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Copper prices may rise further on Chinese demand, decarbonization efforts

Copper has gained nearly 25 percent year-on-year but since March-end, when it slipped to a low of $4,500 a tonne the metal has gained 75 percent.

December 22, 2020 / 07:36 PM IST

Copper prices, which have surged to an eight-year high on the London Metal Exchange (LME), may gain further on demand from China and efforts of decarbonization by various governments to reduce reliance on fossil fuels.

In India, copper prices on the MCX hit a record high of Rs 617.45 a kg during the weekend before retreating to Rs 601.75 on December 22 after global markets slumped on fears of a mutant variety of novel Coronavirus detected in Europe causing further setbacks to the economy.

Copper has gained nearly 25 percent year-on-year but since March-end, when it slipped to a low of $4,500 a tonne the metal has gained 75 percent.

The metals market had been looking forward to a stimulus package from the US government. This $900 billion package was approved by the Congress on December 21.

But the Americans have expressed disappointment over the package as only those drawing a salary below $75,000 per annum will receive the $600 payment.


Dutch multinational banking and financial services group ING said that funds have turned enthusiastic on copper, especially due to copper’s increasing usage in electrification, which had a long-term prospect.

The electrification has been linked to decarbonization and energy transition.

Citi global head of commodity research Ed Morse and ING senior commodities strategist Wenyu Yao see new developments on the decarbonization front providing long as well as medium-term support for copper.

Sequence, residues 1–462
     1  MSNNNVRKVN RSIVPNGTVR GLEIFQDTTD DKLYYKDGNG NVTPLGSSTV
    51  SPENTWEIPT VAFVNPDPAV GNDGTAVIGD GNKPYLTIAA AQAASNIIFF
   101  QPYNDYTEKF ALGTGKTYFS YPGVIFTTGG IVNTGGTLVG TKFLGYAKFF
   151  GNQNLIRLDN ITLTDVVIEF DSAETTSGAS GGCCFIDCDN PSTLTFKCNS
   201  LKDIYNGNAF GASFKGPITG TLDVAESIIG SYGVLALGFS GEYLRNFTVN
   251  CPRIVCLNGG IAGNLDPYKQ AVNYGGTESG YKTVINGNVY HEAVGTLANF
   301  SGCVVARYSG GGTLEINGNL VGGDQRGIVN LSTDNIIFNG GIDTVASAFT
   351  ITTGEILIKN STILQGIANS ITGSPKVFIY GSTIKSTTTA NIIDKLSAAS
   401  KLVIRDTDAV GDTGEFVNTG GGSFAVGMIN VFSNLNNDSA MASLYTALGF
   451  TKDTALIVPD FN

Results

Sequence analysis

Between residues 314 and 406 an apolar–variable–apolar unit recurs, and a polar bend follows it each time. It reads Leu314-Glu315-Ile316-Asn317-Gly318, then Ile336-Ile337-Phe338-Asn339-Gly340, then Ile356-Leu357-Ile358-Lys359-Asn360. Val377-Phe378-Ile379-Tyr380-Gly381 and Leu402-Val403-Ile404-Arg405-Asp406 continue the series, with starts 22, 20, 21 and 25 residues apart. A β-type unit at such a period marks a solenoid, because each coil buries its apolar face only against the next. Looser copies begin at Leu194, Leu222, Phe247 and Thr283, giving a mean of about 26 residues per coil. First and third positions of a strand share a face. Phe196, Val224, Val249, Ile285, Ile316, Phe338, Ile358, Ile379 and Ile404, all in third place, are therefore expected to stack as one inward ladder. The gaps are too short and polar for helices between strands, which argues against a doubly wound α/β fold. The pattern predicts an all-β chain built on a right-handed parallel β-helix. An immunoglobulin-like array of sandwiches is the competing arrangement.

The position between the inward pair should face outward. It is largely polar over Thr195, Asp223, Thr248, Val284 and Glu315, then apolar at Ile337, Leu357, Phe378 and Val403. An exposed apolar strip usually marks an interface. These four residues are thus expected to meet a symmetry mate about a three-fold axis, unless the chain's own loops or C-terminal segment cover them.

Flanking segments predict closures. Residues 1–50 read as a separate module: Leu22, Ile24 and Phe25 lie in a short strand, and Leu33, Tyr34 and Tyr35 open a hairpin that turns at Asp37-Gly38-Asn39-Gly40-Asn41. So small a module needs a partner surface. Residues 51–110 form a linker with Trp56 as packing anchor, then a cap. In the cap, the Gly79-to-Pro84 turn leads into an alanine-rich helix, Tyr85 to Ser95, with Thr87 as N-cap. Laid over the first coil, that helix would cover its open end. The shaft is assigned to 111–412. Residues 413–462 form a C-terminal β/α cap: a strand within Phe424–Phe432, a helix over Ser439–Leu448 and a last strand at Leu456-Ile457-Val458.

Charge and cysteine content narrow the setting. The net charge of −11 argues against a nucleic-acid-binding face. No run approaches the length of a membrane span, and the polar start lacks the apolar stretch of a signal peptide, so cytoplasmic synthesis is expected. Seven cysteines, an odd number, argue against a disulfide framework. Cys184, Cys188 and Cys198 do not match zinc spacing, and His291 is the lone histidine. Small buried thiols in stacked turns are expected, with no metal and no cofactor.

Most of the European nations have targeted to cut carbon emissions by at least 55 percent by 2030 compared with the levels in 1990, giving hope for further headway in copper.

The UK is pursuing an aggressive target of ending vehicles running on diesel and petrol on its roads by 2030, which would mean more measures favouring renewable energy and electric vehicles.

A car running on petrol requires nearly 25 kg of copper currently due to increased use of electronics in the vehicle. An electric vehicle, on the other hand, will need about 80 kg of copper.

Though the demand spurt will not happen overnight, analysts say that metals will witness a stronger demand due to demand for renewable energy and electric vehicles which will dominate the commodities market over the next decade or two.

Data from US’ Commodity Futures Trading Commission and LME’s commitment of traders show that fund managers have gone long on copper with net position rising to a three-year high, ING’s Yao said.

In addition, she said that reportable inventories at LME and Shanghai Exchange have continued to drop.

The other key indicator of robust demand for copper that ING and Citi point out is China’s exports of air-conditioners and refrigerators.

Citi, an investment bank, said that the freezer was the primary reason for the increase in copper consumption with freezer output in China increasing 80 percent.

Producers of air-conditioners and refrigerators increased the use of copper tubes and pipes by 4.28 percent month-on-month in November. Electric car sales were 3.42 lakh in October, near September record of 3.45 lakh.

Besides, there is demand from Beijing for the construction sector. Tight supply due to lack of investments in new mines has also resulted in shortage, thus lifting the prices.

Singapore-based multinational bank DBS said China’s 11 percent growth and its recovery in the manufacturing and automotive sectors this year have helped a 3.6 percent increase in copper demand this year.

The demand growth comes on top of an estimated 4.13 lakh tonnes deficit. Though copper production could rebound next year with a 3.5 percent increase, the world would still face a deficit of 2.43 lakh tonnes, the Singapore-based bank said.

It also projected a long-term upside for the metal in view of the strong demand for electric vehicles.

(Subramani Ra Mancombu is a journalist based in Chennai, who writes on topics in commodities and agriculture)

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Subramani Mancombu is a journalist based in Chennai who writes on commodities and agriculture
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